Image source: 結城友奈は勇者である on Twitter

When it comes to magical girls, it’s easy to make comparisons across series, but with the Yuki Yuna Is A Hero franchise, we have a chance to actually compare two leading heroines with essentially the same positions, in the same universe, under nearly identical conditions. Yuki Yuna and Washio Sumi both essentially end up as the leader of a group of magical girls with the same task. They are roughly the same age, but they are very different types of leaders.

Image source: 結城友奈は勇者である on Twitter

The Yuki Yuna Is A Hero universe is one I find particularly compelling given my background. It’s the story of two groups of magical girls (set two years apart in the timeline, at least at the beginning of the Sumi Chapter) who live in a nation-state Island of Shikoku in a seemingly parallel Japan (or is it?). These two sets of girls are chosen by a sacred tree god (or kami) known as Shinju-sama. Given powers by their god, they defend Shikoku from attacks by strange enemies, known as Vertex or Vertices. It’s obvious from the very first episode of each series who our leaders are. In the first series, it’s Yuna (although she’s not the oldest), and in the second series it’s Sumi (although she isn’t formally the leader at the beginning). 

I’m certainly not the anime world’s biggest fan of magical girl anime, although, of course, I have certain favorites amongst classic entries into the genre. I’m a huge fan of Sailor Moon (which was instrumental in my choice to move to Japan), Card Captor Sakura, and Magic Knights Rayearth, but I’ve not been as interested in many of the most recent series. I have been pleased to find that Yuki Yuna Is A Hero has been able to keep my interest for two very significant reasons. The first is the State Shinto symbology, which I have covered previously. The second, however, is the significant differences between Yuna and Sumi (and I’m not ashamed to say that I’m firmly on Team Sumi).

Image source: 結城友奈は勇者である on Twitter

Yuna is definitely the more “traditional” of our two magical girl leaders. And by traditional here, I mean by the standards of the magical girl genre and not cultural values (that would actually be Sumi, but we’ll discuss that later). Yuna is earnest but fun-loving. She loves the idea of being a heroine (which is why she joined the Hero’s Club), but doesn’t really seem the best choice to defend the world against extra-dimensional space invaders. Yet like so many magical girls before her, when it matters, she suddenly find her heroism and leads from the front. Her position is cemented by her heart. She definitely stands up well when compared to other famous magical girls like Tsukino Usagi, Kinomoto Sakura, or Shidou Hikaru. 

The Real World History Behind the Architecture and Symbology of Yuki Yuna Is A Hero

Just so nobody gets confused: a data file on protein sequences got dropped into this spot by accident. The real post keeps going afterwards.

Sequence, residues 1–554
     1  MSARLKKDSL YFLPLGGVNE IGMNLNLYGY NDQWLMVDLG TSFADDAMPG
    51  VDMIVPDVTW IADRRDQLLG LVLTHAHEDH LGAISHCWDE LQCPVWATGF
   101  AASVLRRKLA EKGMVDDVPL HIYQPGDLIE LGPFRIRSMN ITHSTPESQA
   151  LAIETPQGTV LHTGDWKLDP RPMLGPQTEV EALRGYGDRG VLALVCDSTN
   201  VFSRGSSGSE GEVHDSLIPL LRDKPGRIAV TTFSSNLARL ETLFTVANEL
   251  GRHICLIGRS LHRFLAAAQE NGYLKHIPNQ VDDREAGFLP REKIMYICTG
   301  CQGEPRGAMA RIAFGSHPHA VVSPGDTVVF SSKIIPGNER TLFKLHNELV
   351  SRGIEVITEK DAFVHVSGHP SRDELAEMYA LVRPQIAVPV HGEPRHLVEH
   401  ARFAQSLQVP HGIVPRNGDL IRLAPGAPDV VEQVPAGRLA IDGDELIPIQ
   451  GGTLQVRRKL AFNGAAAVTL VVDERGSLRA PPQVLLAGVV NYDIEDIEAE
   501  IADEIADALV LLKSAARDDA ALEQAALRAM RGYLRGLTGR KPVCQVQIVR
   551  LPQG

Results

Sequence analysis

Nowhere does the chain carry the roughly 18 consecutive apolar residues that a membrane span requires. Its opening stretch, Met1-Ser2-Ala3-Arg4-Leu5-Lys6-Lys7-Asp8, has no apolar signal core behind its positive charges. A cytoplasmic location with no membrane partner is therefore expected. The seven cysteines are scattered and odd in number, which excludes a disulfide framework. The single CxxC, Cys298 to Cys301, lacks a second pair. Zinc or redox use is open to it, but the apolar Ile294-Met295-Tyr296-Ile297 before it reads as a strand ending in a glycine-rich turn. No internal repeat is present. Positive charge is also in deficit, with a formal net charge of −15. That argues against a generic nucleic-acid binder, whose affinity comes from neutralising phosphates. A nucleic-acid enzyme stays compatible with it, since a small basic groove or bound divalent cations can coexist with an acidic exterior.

Sumi, on the other hand, is a far more traditional in the sense of cultural values character. This isn’t surprising when you consider her devotion to the cultural values of her world. More about that, because it’s really important. What I enjoy about Sumi is that she is a product of her world and her nation-state far more than Yuna is. Yuna would be at home, much like the other magical girls I have mentioned above, in our own world and our own time. Sumi, on the other hand, is a clearly from a State Shinto cultural nation-state, and represents “Nadeshiko” values (or the ideal Japanese girl/woman). Sumi herself represents State Shinto and strives to serve the values of her nation-state as best she can. 

Image source: 結城友奈は勇者である on Twitter

And that makes Sumi an interesting choice as a magical girl, and specifically, as a magical girl leader, by the standards of the genre. Why is she an interesting choice? Well, it’s precisely because of her seriousness, her formality, and her devotion to duty even before formally chosen as a magical girl or a leader by Shinju-sama. She is precisely the type of person we would expect should be a trusted heroine. Sumi has her own hang-ups that need to be worked through, she doesn’t need to discover her inner power or “grow a spine.” She’s already dedicated to the mission. She is not a cry-baby, a wide-eyed idealist, or an overly aggressive macho-type. From the very first second we meet her, we get the sense that she is a professional, despite the fact, that yes, she’s only a sixth grader.

I enjoy both of the main characters in Yuki Yuna is a Hero, but because of Sumi’s connection to her world, her nation-state, and her cultural values, I find her more interesting as a character than I find Yuna, but this doesn’t mean I don’t think Yuna is a great magical girl leader, too.

The original Yūki Yūna wa Yūsha de Aru can be watched on Crunchyroll and Washio Sumi no Sho can be seen on Anime Strike

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